Nay, said I, the gentleman is wise; Certain, said kill me. I have deceived even your very eyes: she, a wise gentleman: Nay, said I, he hath the what your wisdoms could not discover, these shaltongues; That I believe, said she, for he swore a low fools have brought to light; who, in the night, thing to me on Monday night, which he forswore overheard me confessing to this man, how Don on Tuesday morning; there's a double tongue; John your brother incensed me to slander the lady there's two tongues. Thus did she, an hour toge- Hero; how you were brought into the orchard, ther, trans-shape thy particular virtues; yet, at and saw me court Margaret in Hero's garments; last, she concluded with a sigh, thou wast the pro- how you disgraced her, when you should marry perest man in Italy. her: my villany they have upon record; which I Claud. For the which she wept heartily, and had rather seal with my death, than repeat over to said, she cared not. my shame: the lady is dead upon mine and my master's false accusation; and, briefly, I desire nothing but the reward of a villain.

D. Pedro. Yea, that she did; but yet, for all that, an if she did not hate him deadly, she would love him dearly: the old man's daughter told us all. Claud. All, all; and moreover, God saw him when he was hid in the garden.

D. Pedro. But when shall we set the savage bull's horns on the sensible Benedick's head? Claud. Yea, and text underneath, Here dwells Benedick the married man.

D. Pedro. Runs not this speech like iron through your blood?

Claud. I have drunk poison whiles he utter'd it. D. Pedro. But did my brother set thee on to this? Bora. Yea, and paid me richly for the practice of it.

D. Pedro. He is compos'd and fram'd of treachery:

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Bene. Fare you well, boy; you know my mind; 1 will leave you now to your gossip-like humour: And fled he is upon this villany. you break jests as braggarts do their blades, which, Claud. Sweet Hero! now thy image doth appear God be thanked, hurt not.-My lord, for your many In the rare semblance that I lov'd it first. courtesies I thank you: I must discontinue your Dogb. Come, bring away the plaintiffs; by this company; your brother, the bastard, is fled from time our Sexton hath reformed signior Leonato of Messina: you have, among you, killed a sweet and the matter: and masters, do not forget to specify, innocent lady for my lord Lack-beard, there, he when time and place shall serve, that I am an ass. and I shall meet; and till then, peace be with him. Verg. Here, here comes master signior Leonato, [Exit Benedick. and the Sexton too.

D. Pedro. He is in earnest.
Claud. In most profound earnest; and, I'll war-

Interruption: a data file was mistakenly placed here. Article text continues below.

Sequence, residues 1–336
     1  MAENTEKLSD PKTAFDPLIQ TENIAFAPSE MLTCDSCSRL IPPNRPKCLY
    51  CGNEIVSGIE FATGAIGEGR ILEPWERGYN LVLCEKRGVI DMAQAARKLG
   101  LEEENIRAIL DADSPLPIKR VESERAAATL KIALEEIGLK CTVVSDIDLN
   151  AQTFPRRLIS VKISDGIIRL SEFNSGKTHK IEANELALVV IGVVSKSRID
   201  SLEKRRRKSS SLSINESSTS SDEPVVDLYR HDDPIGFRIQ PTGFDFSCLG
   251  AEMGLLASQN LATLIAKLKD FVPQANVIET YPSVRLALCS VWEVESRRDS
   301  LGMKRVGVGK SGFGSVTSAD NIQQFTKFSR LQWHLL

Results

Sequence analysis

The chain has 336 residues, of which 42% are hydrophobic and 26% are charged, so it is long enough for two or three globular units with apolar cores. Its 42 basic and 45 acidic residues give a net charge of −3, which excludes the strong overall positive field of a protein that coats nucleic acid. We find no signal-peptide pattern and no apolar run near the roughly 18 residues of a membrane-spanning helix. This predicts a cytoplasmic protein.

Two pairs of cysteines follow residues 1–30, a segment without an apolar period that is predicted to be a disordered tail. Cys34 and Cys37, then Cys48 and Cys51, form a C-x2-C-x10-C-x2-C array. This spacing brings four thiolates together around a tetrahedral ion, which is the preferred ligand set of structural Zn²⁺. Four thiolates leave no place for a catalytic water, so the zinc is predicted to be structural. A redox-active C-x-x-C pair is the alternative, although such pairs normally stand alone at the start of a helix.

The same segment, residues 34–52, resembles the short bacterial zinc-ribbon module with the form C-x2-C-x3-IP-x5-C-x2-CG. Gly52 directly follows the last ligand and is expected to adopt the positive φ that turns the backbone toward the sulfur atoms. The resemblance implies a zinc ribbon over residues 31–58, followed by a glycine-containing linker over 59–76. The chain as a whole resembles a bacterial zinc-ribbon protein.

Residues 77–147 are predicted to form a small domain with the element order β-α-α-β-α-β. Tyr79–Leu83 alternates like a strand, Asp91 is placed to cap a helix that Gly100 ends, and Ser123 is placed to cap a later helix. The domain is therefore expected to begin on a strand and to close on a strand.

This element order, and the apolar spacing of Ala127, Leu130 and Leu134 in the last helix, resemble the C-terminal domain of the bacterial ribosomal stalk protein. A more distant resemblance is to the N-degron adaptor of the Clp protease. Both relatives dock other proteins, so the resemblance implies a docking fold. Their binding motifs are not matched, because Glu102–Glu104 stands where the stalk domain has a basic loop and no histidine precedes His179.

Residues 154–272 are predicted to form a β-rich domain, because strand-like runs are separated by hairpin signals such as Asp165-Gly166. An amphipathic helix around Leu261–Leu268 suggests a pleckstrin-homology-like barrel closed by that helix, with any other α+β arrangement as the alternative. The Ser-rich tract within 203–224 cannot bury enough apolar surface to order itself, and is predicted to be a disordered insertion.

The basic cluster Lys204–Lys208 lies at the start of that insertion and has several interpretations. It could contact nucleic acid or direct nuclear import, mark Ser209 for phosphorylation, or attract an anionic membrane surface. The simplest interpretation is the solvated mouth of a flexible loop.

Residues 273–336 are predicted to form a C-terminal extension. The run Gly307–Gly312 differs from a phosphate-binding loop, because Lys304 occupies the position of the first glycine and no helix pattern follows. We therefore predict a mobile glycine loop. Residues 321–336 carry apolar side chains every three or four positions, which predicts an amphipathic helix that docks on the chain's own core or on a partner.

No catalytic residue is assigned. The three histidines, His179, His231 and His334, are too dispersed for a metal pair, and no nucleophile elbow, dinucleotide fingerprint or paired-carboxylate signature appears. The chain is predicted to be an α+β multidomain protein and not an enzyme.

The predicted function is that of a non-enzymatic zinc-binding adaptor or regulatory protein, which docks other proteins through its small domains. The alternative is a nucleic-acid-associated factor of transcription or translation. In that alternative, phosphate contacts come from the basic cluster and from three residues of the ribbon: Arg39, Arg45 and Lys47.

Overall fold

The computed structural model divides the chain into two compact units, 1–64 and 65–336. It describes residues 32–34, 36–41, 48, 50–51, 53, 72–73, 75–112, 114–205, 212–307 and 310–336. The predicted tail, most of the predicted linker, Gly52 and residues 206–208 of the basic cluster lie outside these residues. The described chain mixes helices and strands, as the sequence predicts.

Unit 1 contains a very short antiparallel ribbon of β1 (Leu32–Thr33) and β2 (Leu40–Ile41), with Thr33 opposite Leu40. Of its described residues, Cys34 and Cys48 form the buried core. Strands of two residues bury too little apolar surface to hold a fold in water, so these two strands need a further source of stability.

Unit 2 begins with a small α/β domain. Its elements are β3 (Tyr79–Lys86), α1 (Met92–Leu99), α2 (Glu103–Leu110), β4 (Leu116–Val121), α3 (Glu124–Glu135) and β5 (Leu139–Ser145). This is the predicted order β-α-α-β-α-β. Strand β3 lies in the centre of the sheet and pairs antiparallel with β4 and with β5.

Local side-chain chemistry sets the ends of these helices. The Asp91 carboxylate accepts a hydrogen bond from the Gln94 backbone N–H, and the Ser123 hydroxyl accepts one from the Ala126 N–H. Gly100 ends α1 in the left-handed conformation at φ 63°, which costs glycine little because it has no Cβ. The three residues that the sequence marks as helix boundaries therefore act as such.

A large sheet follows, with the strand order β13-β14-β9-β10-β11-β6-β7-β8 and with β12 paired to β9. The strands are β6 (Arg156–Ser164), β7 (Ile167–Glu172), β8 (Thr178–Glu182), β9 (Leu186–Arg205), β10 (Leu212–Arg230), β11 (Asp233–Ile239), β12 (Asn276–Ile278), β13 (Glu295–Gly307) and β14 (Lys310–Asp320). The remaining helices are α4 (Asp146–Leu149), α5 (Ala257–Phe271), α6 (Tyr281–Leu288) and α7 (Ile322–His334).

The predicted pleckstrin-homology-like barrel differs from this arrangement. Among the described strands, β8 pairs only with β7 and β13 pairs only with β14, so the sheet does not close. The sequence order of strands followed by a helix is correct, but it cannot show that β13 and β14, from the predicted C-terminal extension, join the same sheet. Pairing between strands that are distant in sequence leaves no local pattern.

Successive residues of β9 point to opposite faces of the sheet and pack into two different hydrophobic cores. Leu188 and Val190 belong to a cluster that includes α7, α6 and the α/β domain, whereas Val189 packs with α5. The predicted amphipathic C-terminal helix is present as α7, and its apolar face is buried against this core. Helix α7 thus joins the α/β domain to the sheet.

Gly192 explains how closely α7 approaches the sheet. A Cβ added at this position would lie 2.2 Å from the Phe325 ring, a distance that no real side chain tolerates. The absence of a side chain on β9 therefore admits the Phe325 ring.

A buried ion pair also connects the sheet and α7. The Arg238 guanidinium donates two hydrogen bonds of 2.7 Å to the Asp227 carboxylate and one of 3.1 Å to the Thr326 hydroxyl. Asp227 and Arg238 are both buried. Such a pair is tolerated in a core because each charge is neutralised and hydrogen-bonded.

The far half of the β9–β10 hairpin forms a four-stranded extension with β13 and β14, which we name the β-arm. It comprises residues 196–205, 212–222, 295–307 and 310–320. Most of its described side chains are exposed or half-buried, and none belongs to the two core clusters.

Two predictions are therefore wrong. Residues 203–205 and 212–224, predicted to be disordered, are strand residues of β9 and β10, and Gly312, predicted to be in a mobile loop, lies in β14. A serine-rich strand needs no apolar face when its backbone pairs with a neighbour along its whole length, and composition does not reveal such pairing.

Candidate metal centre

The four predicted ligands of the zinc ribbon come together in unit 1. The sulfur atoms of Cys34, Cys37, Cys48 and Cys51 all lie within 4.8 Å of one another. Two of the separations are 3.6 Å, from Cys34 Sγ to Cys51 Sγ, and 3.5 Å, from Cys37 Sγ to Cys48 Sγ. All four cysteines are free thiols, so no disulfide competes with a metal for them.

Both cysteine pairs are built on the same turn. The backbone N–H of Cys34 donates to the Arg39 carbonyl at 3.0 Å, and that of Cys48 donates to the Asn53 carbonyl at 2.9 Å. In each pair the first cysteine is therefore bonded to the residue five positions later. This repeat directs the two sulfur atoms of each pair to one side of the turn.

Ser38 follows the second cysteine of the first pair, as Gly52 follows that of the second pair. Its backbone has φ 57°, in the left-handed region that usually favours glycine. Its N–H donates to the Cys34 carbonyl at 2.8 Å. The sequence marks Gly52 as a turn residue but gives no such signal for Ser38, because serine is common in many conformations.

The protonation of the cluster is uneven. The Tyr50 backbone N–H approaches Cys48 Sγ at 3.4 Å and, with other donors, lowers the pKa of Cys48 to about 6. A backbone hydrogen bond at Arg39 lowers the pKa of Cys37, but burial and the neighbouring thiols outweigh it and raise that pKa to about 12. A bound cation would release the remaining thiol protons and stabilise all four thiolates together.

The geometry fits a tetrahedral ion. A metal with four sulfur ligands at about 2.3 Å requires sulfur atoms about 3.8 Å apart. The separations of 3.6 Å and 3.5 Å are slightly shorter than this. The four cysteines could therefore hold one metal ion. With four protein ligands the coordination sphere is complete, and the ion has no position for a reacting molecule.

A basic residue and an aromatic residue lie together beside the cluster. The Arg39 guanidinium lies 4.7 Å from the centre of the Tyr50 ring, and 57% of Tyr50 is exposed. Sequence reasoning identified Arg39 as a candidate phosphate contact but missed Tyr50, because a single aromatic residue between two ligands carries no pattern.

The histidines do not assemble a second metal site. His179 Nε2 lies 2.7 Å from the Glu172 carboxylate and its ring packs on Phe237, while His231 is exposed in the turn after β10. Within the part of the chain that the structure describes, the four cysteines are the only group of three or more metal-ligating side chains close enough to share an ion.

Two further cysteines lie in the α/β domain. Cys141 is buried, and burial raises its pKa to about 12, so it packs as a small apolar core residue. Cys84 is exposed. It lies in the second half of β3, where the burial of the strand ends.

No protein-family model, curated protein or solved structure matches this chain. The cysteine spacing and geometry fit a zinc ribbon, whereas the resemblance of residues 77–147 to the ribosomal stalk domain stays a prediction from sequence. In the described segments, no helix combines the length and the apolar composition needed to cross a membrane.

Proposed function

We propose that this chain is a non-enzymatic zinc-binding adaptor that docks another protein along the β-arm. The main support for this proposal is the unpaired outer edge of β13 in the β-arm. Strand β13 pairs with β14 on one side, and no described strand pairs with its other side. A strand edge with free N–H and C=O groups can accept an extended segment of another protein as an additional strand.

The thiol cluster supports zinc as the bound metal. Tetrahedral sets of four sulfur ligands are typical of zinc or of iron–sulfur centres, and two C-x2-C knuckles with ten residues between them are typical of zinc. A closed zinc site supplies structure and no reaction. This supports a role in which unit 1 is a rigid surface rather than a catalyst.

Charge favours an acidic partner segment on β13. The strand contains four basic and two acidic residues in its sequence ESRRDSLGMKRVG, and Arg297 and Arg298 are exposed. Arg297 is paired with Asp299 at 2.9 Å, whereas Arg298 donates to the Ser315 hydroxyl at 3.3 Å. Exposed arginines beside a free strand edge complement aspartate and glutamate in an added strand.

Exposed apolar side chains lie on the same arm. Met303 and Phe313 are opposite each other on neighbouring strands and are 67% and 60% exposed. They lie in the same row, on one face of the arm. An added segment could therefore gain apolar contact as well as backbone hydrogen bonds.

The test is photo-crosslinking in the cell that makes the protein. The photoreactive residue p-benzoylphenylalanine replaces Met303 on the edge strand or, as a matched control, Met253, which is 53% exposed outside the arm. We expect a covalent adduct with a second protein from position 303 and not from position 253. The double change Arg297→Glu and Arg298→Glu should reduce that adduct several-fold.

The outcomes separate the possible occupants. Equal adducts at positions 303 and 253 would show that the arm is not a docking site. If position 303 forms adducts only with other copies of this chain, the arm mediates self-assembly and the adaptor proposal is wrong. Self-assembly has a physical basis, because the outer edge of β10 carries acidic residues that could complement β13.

rant you, for the love of Beatrice.

D. Pedro. And hath challenged thee?
Claud. Most sincerely.

D. Pedro. What a pretty thing man is, when he goes in his doublet and hose, and leaves off his wit!

Enter Dogberry, Verges, and the Watch, with
Conrade and Borachio.

Claud. He is then a giant to an ape: but then is an ape a doctor to such a man.

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Leon. Art thou the slave, that with thy breath
hast kill'd
Mine innocent child?
Yea, even I alone.
Leon. No, not so, villain; thou bely'st thyself;
Here stand a pair of honourable men,

D. Pedro. But, soft you, let be; pluck up, my
heart, and be sad! Did he not say my brother was A third is fled, that had a hand in it:-

I thank you, princes, for my daughter's death; Dogb. Come, you, sir; if justice cannot tame Record it with your high and worthy deeds; you, she shall ne'er weigh more reasons in her ba-'Twas bravely done, if you bethink you of it. lance; nay, an you be a cursing hypocrite once, you must be looked to.

D. Pedro. How now, two of my brother's men bound! Borachio, one

Claud. Hearken to their offence, my lord! D. Pedro. Officers, what offence have these men done?

Claud. I know not how to pray your patience,
Yet I must speak: Choose your revenge yourself;
Impose3 me to what penance your invention
Can lay upon my sin: yet sinn'd I not,
But in mistaking.

D. Pedro.

By my soul, nor I;
And yet, to satisfy this good old man,
would bend under any heavy weight
That he'll enjoin me to.


Dogb. Marry, sir, they have committed false report; moreover, they have spoken untruths; secondarily, they are slanders; sixth and lastly, they Leon. I cannot bid you bid my daughter live, have belied a lady; thirdly, they have verified un-That were impossible; but, I pray you both, just things: and, to conclude, they are lying knaves. Possess the people in Messina here D. Pedro. First, I ask thee what they have done; How innocent she died: and, if your love thirdly, I ask thee what's their offence; sixth and lastly, why they are committed; and, to conclude, what you lay to their charge?

Claud. Rightly reasoned, and in his own divi sion; and, by my troth, there's one meaning well suited.

D. Pedro. Whom have you offended, masters, that you are thus bound to your answer? this learned constable is too cunning to be understood: What's your offence?

Bora. Sweet prince, let me go no further to mine answer; do you hear me, and let this count '1) Serious. (2) Incited.

Can labour ought in sad invention,
Hang her an epitaph upon her tomb,
And sing it to her bones; sing it to-night :-
To-morrow morning come you to my house;
And since you could not be my son-in-law,
Be yet my nephew: my brother hath a daughter,
Almost the copy of my child that's dead,